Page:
Introduction: Swedish Meatballs - Bork Bork

About: Swedish expat living now living in Malaysia after spending some years working in Dubai.

Here's the way of making "authentic" Swedish meatballs.

It's quite simple to do it since no special skills nor any exotic ingredients are needed.

In Sweden we usually eat these with either boiled potatoes or mash, and ketchup or pickled cucumbers or lingonberry preserves as a condiment. They're often served with a brown gravy made in the frying pan (after the meatballs are finished) with a lot of cream, butter and some soy sauce.

Let's start....

Step 1: Ingredients

For a big batch of meatballs, enough for 5-6 persons you need:

  • About 900 grams of minced meat
  • Two eggs
  • One onion
  • 3 dl of milk
  • 1 1/4 dl of dried breadcrumbs
  • Almost 1 tablespoon of salt
  • About 1 teaspoon of ground pepper (I usually use mixed black and white pepper.)

Since I live in Dubai my local supermarket don't carry any pork products so here I used 100% ground beef meet. In Sweden I usually use a mix of 80% beef and 20% pork in the mince to get the meatballs both a bit juicer and more tasty.

Step 2: Soak the Breadcrumbs

Take a large bowl and pour in the milk and stir it with the egg, the bread crumbs, the salt and pepper.

Let this stand for about 5 minutes so the bread crumbs is soaking up the liquids.

Step 3: Chop the Onion

Chop the onion into small pieces. You know how to do that - right? If not, see this Dice an onion instructable, but make the pieces much smaller.

The pieces should be really tiny, you don't want large chunks of raw onion in you meatballs.

Step 4: Add Mince and Onion

Add the finely chopped onion and the mince to the mix and mix it well together with a large spoon.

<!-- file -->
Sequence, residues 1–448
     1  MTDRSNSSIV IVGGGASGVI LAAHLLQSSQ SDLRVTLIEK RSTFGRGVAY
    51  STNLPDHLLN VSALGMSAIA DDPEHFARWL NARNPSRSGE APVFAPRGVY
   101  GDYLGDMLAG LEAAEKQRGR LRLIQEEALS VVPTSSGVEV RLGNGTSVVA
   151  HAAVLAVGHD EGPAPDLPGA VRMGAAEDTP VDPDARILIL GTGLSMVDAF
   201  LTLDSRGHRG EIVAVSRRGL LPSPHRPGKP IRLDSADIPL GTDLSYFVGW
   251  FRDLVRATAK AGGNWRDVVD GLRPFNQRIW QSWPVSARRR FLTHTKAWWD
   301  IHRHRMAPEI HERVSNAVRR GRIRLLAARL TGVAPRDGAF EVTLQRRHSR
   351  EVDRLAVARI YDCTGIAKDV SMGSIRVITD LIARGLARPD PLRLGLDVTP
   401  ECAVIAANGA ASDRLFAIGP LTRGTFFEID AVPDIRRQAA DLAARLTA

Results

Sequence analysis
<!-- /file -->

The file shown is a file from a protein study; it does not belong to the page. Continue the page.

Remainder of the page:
Don't use an electric blender/handmixer to do this since it can become slimy and strange if you stir it too much.

Step 5: Rolling, Rolling (on the River)

Ok, it's time for the messy part. Rolling the meatballs into something that at least resemble a round shape.

It's not that hard to do - unless your mix is too wet. When I did this instructable I got it a tad to wet and the meatballs looked quite un-round at start. But during the frying they got a nice rounder shape. And it really doesn't matter if they are perfectly round or has an irregular blob-shape, the taste will be the same anyway.

I usually take a piece of tinfoil and grease it up with some vegetable oil so they won't stick to it before the frying.

Wet your hands to avoid the mix stick to them, take a spoon of mix and put it in the palm. Use the other palm to gently form a sphere and put in on the oiled tinfoil. Repeat until ready.

Step 6: Into the Frying Pan

In Sweden I'd just use margarine to fry them in, but here I mix vegetable oil with ghee (clarified butter, popular in India). Use the ghee sparingly if you're concerned of your health, it's almost 100% saturated fat and thus is a risk factor for heart diseases)

I prefer frying them in a cast iron pan instead of those non-stick thingies, I think the browning of the food is both faster and smoother in a cast iron pan. But a teflon pan is ok to use if you don't have the "real thing" ;-)

Fill half the pan with meatballs and fry them for a wile on one side, roll them around a bit with a spatula. After a while you can shake the pan to get the meatballs moving around and getting round and fried on all sides.

When they are deep brown and done all the way into the core, take them up and put them in a bowl and keep them warm until it time to eat.

Step 7: The Result

Serve, eat and enjoy....

The leftovers can be used to do a "köttbullemacka" (open sandwich with meatballs), Take a piece of bread, butter it, and put cold meatballs cut in half on it. Add thin slices of pickled cucumber (Gherkin) and maybe some good mustard. I prefer to eat it on a crisp bread, but any bread is fine.